Long-time readers will know that here at Elitistreview we are well up with super-fashionable sandwich action and so get more than a cheap thrill from a big mouthful of Vietnamese baguettes, aka banh mi. Yesterday we made the journey into the City of London and tried two hotly-tipped banh mi establishments – they made our previous experiences with these sandwiches seem somewhat flaccid.
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Our first stop was City Caphe, tucked away on Ironmonger Lane. This is considered one of the hottest new dining establishments in the City so we made sure we arrived at opening time in order to secure a table. In addition to banh mi they also serve a few other Vietnamese delights – we ordered a sandwich each and a portion of spring rolls.[image image_id=”4992″ size=”medium” align=”center”]
The spring rolls were lovely. Freshly fried and packed with flavoursome goodies. Some might find them a tad on the greasy side but I found this to add richness to the wonderful tastes. Really good stuff.[image image_id=”4994″ size=”medium” align=”center”]
We chose a viet chicken and char-grilled pork banh mi. My first bite of the bread was a delight, it was super crunchy thanks to it including rice flour. However, as I battled through the sandwich I found myself thinking that the bread was just a bit too crunchy and lacking lightness or much in the way of a soft interior.[image image_id=”4998″ size=”medium” align=”center”] [image image_id=”5004″ size=”medium” align=”center”]
Furthermore, delicious as they were, we thought that the sandwiches were a shade on the under-filled side and, in order to get a good combination of crunchy and soft textures, we had to add plenty of chilli sauce. Don’t get me wrong, we enjoyed these sandwiches very much, and they were better than those from our [link2post id=”3905″]local joint in Woolwich[/link2post], but I left feeling a very tiny bit deflated.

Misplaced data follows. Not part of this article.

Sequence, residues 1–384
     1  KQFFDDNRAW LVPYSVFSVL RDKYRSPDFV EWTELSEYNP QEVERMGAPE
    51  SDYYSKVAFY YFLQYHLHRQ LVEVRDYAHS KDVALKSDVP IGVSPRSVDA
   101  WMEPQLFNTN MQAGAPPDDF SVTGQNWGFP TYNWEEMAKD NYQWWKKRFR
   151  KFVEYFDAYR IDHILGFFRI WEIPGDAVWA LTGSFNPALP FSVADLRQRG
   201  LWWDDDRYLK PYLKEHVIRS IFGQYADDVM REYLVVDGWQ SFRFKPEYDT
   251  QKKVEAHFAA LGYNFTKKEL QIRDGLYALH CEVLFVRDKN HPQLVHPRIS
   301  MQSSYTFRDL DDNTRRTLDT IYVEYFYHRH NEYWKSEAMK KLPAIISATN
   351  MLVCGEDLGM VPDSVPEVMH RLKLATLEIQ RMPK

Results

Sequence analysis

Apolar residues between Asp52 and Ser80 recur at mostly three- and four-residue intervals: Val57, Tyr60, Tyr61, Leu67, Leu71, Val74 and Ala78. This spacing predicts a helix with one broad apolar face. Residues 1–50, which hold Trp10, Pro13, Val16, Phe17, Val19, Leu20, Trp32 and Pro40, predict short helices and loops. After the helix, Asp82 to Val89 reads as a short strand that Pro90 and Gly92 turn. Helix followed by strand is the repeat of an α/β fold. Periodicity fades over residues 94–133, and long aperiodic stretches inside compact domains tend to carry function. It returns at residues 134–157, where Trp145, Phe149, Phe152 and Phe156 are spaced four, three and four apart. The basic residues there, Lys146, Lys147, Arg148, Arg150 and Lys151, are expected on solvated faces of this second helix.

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A speedy taxi journey deposited us at Banh Mi Bay on Theobald’s Road. I can say without hesitation that I had the two very best sandwiches of my life here.
As you walk in to Banh Mi Bay the smell is incredible, they have a charcoal grill laden with bits of grilling meat ready to be stuffed into sandwiches. We ordered a some grilled pork balls and a barbecue pork and a spiced pork banh mi with the intention of swapping half way. By arse we ordered obscenely well.[image image_id=”5005″ size=”medium” align=”center”]
As I started off with the barbecue pork sandwich I was staggered. The meat had an amazingly powerful flavour of pig cooked to drool-worthy perfection. It had all the correct textures and, oh yes, it tasted freaking triple-A. I expected a step down in quality when taking possession of the half of spiced pork sandwich but I could not have been more wrong. The pork tasted sublime and, when it was combined with pickled vegetables and truly fantastic Vietnamese mayonnaise, it made for a superlative sandwich experience. Dani said he preferred the barbecue sandwich but, brilliant as it was, it was not quite at the stellar peak of the spiced pork. I want more of these banh mi, and I want them soon.
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The pork balls followed and they were more sausage-like in shape. Supplied with insanely thin and sticky pancakes one is supposed to wrap them up with some vegetables and sauce. This was certainly a good thing to be doing, but in all honesty I could have just horsed my way through a massive serving of just the balls unadorned. A quick lunch really does not get much better than those delivered by Banh Mi Bay.